When I’m puzzling out the ID of a hairstreak or swallowtail, I depend on Cech and Tudor’s essential Butterflies of the East Coast: An Observer’s Guide (2005). The book has one significant flaw, however: to look up a species, the index doesn’t indicate the page where the main entry appears. No boldface or italics. The index for Monarch cites 24 different pages.
So, I fixed it, in part: Index to Cech and Tudor, Butterflies of the East Coast: An Observer’s Guide, main entry, by common name.
They’re coming! It’s the summer of glacier ice worms (Mesenchytraeus spp.).
Martin R. Kalfatovic says so long to Brood X with some detailed materials from the Biodiversity Heritage Library.
What to do when cicadas crash your outdoor wedding? Embrace the buzz:
And remember: At the very least, cicadas make for a memorable wedding. “It was actually quite fun to lean into the cicada theme,” [Lauren] Migaki said. “My little brother wore a cicada bolo tie; our favors were cicada-shaped chocolates with caramel pop rocks; and I donned a pair of gold cicada earrings for the reception in our backyard.”
“I loved hearing the noise of them in the trees above us,” she added, “feeling like we had hundreds of wedding guests.”
Brood X has peaked, the little red-eyed guys have done what they set out to do, and they are passing away.
“When animals die they have a pretty distinct BAD smell,” wrote Paula Shrewsbury, also a professor of entomology at the University of Maryland, in an email. “As part of the decay process there are a number of interactions between enzymes and microbes that result in the ‘smell of death.’ Cicadas are no different than other animals; when they die they smell bad.”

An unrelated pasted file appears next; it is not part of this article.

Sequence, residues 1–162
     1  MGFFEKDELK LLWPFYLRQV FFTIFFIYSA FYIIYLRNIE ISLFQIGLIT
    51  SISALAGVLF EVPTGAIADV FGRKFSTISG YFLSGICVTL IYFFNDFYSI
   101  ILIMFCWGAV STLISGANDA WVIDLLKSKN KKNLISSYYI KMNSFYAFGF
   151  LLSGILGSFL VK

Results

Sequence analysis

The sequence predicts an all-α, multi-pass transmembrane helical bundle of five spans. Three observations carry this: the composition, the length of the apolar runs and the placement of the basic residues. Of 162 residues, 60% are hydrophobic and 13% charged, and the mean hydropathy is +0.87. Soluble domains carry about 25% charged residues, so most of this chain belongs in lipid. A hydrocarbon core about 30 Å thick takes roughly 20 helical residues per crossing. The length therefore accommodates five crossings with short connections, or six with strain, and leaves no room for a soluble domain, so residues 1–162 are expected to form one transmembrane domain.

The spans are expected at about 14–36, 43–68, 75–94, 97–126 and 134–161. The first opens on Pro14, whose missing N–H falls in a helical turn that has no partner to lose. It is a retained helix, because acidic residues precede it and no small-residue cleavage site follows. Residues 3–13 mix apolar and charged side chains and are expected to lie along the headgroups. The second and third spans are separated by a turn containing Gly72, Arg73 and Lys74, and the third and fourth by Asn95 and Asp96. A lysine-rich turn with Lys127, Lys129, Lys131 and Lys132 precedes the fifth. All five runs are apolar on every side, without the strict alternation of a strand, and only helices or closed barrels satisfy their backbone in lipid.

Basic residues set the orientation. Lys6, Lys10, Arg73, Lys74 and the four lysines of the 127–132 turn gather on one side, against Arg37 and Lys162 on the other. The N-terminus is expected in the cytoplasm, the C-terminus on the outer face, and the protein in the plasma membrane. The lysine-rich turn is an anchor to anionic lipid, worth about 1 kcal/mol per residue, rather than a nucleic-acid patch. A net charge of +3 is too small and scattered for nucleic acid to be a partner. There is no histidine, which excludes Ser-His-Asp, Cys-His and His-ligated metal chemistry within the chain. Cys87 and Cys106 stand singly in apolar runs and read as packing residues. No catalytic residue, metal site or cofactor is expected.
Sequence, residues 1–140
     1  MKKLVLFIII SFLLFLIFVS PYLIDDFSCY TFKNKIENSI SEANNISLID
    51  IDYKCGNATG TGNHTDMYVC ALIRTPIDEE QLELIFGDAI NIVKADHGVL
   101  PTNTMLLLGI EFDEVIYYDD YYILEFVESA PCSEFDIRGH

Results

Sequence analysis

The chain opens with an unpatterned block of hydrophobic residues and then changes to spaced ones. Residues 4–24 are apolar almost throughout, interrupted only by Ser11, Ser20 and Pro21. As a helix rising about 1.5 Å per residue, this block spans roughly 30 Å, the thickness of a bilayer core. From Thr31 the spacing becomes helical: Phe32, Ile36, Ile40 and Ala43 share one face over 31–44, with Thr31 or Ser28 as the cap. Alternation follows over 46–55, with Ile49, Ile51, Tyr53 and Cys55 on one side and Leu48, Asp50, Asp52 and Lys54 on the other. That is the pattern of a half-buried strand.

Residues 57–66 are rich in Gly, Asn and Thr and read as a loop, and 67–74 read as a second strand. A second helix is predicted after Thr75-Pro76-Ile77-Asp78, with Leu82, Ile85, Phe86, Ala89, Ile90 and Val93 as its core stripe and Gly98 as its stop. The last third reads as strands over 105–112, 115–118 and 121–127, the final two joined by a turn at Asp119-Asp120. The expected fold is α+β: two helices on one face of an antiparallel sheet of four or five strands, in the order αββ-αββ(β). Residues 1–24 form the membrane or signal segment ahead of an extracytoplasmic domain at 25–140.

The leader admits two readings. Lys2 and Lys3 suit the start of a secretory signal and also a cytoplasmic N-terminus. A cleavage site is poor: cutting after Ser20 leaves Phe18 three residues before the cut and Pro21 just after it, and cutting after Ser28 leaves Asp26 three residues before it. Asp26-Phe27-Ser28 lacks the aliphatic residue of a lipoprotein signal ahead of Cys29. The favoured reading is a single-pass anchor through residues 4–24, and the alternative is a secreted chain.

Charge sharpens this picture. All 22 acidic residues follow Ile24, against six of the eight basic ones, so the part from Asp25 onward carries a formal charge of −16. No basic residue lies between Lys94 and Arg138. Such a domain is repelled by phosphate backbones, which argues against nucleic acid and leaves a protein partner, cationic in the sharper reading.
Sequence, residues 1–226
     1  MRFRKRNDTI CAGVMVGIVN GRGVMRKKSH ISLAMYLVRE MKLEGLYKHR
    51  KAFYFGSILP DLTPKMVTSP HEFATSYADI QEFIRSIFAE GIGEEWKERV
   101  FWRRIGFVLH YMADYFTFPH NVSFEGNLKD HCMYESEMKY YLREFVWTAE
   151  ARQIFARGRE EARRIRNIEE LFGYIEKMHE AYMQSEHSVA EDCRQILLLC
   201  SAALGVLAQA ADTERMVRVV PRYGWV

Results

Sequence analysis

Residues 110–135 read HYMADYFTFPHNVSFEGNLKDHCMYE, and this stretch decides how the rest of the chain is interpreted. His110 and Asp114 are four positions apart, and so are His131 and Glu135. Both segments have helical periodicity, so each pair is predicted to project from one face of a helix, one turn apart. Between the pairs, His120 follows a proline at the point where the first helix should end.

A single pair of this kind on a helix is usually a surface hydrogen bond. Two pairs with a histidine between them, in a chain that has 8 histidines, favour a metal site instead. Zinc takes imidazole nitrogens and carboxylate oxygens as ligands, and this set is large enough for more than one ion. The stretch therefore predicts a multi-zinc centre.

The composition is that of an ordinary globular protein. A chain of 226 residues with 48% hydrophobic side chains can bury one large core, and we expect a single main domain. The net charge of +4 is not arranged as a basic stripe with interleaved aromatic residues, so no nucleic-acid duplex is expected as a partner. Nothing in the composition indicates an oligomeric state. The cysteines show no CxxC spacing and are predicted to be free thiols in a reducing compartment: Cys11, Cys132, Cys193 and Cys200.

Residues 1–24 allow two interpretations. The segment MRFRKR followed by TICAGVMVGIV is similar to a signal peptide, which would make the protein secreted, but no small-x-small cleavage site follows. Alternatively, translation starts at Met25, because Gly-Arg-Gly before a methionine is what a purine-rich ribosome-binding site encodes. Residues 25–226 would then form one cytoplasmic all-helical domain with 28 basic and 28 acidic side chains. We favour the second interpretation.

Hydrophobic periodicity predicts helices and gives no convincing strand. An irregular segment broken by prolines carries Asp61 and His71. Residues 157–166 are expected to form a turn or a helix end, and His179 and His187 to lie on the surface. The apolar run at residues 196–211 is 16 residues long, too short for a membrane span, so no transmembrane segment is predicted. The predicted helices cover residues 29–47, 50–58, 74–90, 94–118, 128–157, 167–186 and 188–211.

Of course Ed Yong found a different angle on the arrival of Brood X: “Cicadas Have an Existential Problem.” And a clever analogy to illustrate what’s going on.
Home football game, nice weather, and the last weekend before school starts, so the listening wasn’t that great for Team Reston for this year’s Cricket Crawl.
Heard during my 1-minute sample: Common True Katydid (Pterophylla camellifolia) and Lesser Anglewing (Microcentrum retinerve).
Kevin Munroe, with assistance from P.J. Dunn, has launched a new online project, cataloging the 65 dragonfly/damselfly species to be found in Northern Virginia. ID guides, tips on where to look, flight time calendars, field guide recommendations, and more!
A roundup of conservation and natural history links:
A likely upside to this winter’s unpleasant cold snaps: Thomas Kuhar of Virginia Tech reports that 95% of Brown Marmorated Stink Bugs (Halyomorpha halys) have been unable to survive the icy temperatures. Kevin Ambrose has the report.
Brood II of the 17-year cicada is expected to emerge in Virginia this spring.
From last summer, Joe Palca’s two-parter (one, two) about Scott O’Neill’s 20-year efforts to find a biological means to control and eventually eliminate dengue fever. I like the focus of Palca’s series: it’s not just about the newest published scientific results, it’s about the process of doing science.
“You know, I was incredibly persistent in not wanting to give this idea up,” O’Neill said. “I thought the idea was a good idea, and I don’t think you get too many ideas in your life, actually. At least I don’t. I’m not smart enough. So I thought this idea was a really good idea.”